Looking at the HMRC data over the last 16 years, it’s evident that the varying of SDLT rates has a substantial and immediate impact on the housing market. I read somewhere that the Government estimated that the SDLT holiday, introduced to counter the effects of the lockdown, would probably increase average values by around 2%. With hindsight, I think that was probably an underestimate, but at the time I would probably have agreed with them.
As part of our consideration of the four pillars of the current market conditions, we need to rate each in terms of speed and severity of impact on the market to help us predict what the next 6 to 12 months will bring. For SDLT, I rate the impact as high and speed of effect as immediate. As the SDLT holiday unwinds, I believe it will cause a fall in the rate of increase in prices equivalent to around 4% in H2.
2. Interest Rates and Mortgage Availability
One of the things that Gordon Brown will be most positively remembered for during his stint as Chancellor will undoubtedly be his decision to move the control of interest rates from Government to the Bank of England in 1997/8. Making fiscally based judgements, rather than political ones, brought a new-found stability and avoided ‘knee-jerk’ reactions delivering short-term shocks to the property market.
In these days of ultra-low interest rates, any adjustment is spoken of in terms of ‘Basis Points’, 1/100th of 1 percent. So, 25 basis points is just a quarter of one percent. Rates are ‘nudged’ rather than adjusted and while they do still affect buyer sentiment, the popularity of fixed-rate deals and the current historically low levels of interest, make them a less powerful influence on the market. Much more significant is the availability of mortgages. If homebuyers can’t borrow, they aren’t able to buy, and that has an exceptionally powerful effect on the market.
News stories of rising inflation give cause for concern, but this is inflation from a low, covid-affected base and I believe it needs to be rising much more aggressively before the Bank and the Government consider it necessary to take market changing action. Particularly considering the need for economic recovery from the pandemic.
I’m no economist, but as far as the effects of our four pillars are concerned, while interest rates and mortgage availability have a fast, high impact effect on the market, I believe it is most unlikely we’ll see any major changes during the next 6 months. On balance, I am going to rate the impact of pillar number two as neutral in H2.
3. Lifestyle Changes
One of the most dramatic effects of Lockdown has been the ‘Working from Home’ (WFH) revolution. Will we ever go back to spending hours of our lives commuting into towns and cities to spend our days working alongside colleagues in over-crowded offices and travelling countless miles to meetings on clogged roads and motorways? I doubt it, not in the volumes we used to, in any case.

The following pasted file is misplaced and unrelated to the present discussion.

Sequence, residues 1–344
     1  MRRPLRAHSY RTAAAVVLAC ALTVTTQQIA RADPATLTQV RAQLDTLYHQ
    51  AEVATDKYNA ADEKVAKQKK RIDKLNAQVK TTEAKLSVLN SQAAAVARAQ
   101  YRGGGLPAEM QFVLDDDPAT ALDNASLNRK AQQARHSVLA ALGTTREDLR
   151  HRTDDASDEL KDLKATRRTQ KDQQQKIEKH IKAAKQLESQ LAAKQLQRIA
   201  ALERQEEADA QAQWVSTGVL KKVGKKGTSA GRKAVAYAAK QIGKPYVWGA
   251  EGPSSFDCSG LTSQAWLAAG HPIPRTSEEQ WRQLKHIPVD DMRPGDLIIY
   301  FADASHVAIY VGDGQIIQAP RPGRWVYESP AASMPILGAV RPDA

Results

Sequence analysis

Homebuyers doubt it too. There has been a big change in the key factors influencing buying decisions. People are re-evaluating their life choices; do they really want to live how and where they are now, given that getting into an office every morning isn’t necessarily a consideration? There has been a significant increase in the number of people looking to move out of town and city centres. They are also worrying less about their proximity to a mainline station or a motorway junction. Gardens are suddenly a must have and space is also at a premium – and more than ever before, so is a fast internet connection and high-tech, sustainable living. (Developers take note.)
Properties that tick all these boxes are sold within hours of coming onto the market and are playing a significant part in driving average prices up.
The shift in popularity from flats to houses had already taken hold before the pandemic broke, for a completely different set of reasons, but Covid has dramatically accelerated the desire for a change in lifestyle, making the trend much more noticeable than before. This pressure cooker effect gives the impression that everyone is packing up and heading for the country, demanding huge gardens and home offices, but lifestyle changes, by their sheer nature have a gentler effect on the market. Don’t get me wrong, the smarter developers spot this sort of trend early and take advantage of it, but when it comes to the effect it is going to have on prices in the mid-term, it will be much less influential than our first two pillars and less immediate too.
This pillar will have a gentle effect and will continue upwards for the foreseeable future. In my calculations I estimate it will add around 1% to average prices in H2.
4. Consumer Sentiment
Consumer sentiment is such an important constituent part of the property market and is probably the very best guide to short and mid-term market movements. I often hear the argument that it is the property market affecting sentiment, rather than the other way around, but I’m a great believer in the ‘three-month wave’ effect. These are short-term trends in changing sentiment that are invariably replicated in the market in the following three months.
Even way back in August 2008, the three-month picture was a clear warning of difficult times ahead, with consumers’ confidence in the economy sliding from -43 in June to a new super-low of -63 in August – and that was before the queues started forming outside Northern Rock in early September and Lehman Brothers hit the buffers shortly after.
I’ve followed the GfK/NOP Consumer Confidence survey for more years than I care to remember, and it has always delivered. It’s simple, reliable and consistent and is always the first data source I refer to when considering where the market is headed next.